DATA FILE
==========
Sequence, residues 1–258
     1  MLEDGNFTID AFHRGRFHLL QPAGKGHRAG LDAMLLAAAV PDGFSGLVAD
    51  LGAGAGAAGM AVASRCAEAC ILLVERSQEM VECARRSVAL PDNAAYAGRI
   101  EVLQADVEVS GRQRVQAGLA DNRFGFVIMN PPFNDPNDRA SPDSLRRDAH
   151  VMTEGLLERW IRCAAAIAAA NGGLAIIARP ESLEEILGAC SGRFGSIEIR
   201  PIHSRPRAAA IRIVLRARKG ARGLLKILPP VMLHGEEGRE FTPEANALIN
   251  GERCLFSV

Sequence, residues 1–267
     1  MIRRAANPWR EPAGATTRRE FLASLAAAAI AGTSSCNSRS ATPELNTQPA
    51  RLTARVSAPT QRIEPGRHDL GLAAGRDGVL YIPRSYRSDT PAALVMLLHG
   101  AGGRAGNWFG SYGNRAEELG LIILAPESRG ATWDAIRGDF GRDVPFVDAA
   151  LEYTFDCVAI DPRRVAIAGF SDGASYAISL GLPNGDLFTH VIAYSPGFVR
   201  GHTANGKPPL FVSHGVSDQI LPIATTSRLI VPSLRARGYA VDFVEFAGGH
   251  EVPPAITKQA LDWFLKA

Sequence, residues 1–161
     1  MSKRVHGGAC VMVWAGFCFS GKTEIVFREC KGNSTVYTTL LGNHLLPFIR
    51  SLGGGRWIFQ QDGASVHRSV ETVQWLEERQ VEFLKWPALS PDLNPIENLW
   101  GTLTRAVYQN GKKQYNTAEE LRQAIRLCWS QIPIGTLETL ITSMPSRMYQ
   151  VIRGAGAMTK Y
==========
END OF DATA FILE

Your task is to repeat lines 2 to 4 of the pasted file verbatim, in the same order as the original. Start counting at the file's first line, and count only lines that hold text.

     1  MLEDGNFTID AFHRGRFHLL QPAGKGHRAG LDAMLLAAAV PDGFSGLVAD
    51  LGAGAGAAGM AVASRCAEAC ILLVERSQEM VECARRSVAL PDNAAYAGRI
   101  EVLQADVEVS GRQRVQAGLA DNRFGFVIMN PPFNDPNDRA SPDSLRRDAH